- Remediation goals should not be treated as bright lines. Changing "the number" doesn’t move us from protective to non-protective. It just incrementally changes probability of protectiveness. Huge increases in costs may only yield nominal differences in the probability of protectiveness. We need to characterize risk in terms of the how much remedial action alternatives are expected to increase the probability of protectiveness, relative to one another.
7. Is environmental risk assessment and management doomed to fail until we start framing our analyses and decisions holistically? Why or why not? What would a holistic problem formulation look like?
- Holism leads to different questions, different investigative designs, different communications methods, and ultimately different decisions about tradeoffs.
These discussion topics clearly struck a chord with the session’s speakers and audience. The audience was actively engaged in the session from start to finish.
The speakers’ opinions about whether current risk assessment and risk management practices are doing more harm than good varied, but each of the speakers provided good empirical evidence of shortcomings in the current state of the practice. This idea was expressed in various ways, ranging from the need to be both more farsighted and more detail-oriented in designing and executing data gathering efforts, to focusing on relative risk reduction instead of absolute risk, to being more open to actions that offset risk rather than remediate it, to thinking about risk in its broader societal context.
One thing that all the presenters seemed to agree on is that far too little attention is paid to problem formulation, i.e., to thinking through exactly what we’re doing and why at the front end of risk assessments. Another point of consensus seemed to be that risk assessments focus too much on baseline conditions and too little on what risk management alternatives can do to reduce risk or improve the flow of ecosystem services. A third area of common ground seemed to be that cost ineffective management options should be screened out early so that resources aren’t unnecessarily spent assessing risk for those options.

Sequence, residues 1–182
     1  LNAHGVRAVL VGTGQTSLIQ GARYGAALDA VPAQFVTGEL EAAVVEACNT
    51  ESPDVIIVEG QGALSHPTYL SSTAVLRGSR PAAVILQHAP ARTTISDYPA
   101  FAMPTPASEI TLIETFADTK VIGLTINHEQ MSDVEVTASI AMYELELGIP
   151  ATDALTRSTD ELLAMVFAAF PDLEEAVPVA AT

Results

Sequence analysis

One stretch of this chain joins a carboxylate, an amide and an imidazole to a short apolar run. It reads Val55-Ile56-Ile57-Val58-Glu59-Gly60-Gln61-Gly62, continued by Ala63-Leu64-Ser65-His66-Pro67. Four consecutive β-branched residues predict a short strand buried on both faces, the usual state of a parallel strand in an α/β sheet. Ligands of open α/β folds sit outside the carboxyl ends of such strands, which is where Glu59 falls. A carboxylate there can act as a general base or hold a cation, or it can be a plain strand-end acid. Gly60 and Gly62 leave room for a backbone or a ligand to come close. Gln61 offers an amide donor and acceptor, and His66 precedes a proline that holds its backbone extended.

Further conversations are needed to tease this out, but there also seemed to be a consensus emerging that the way we’re interpreting separation of risk assessment and management is flawed. This is not to say that the speakers, or audience, generally thought that risk assessors should be making risk-management decisions, or that risk managers should be directing risk assessors. The notion of separate and distinct roles for risk assessors and managers probably is safe for now. There do seem to be growing doubts, though, about how those roles are playing out. There seems to be a sense that risk managers should be doing much more to flesh out management alternatives during the risk assessment problem formulation. A firm and inclusive set of risk management alternatives should be laid out early to inform the risk assessment. Risk assessors, in turn, should stop looking for lost keys under the lamppost and tackle the hard questions that risk managers need answered, even though those answers won’t be found in hazard quotients.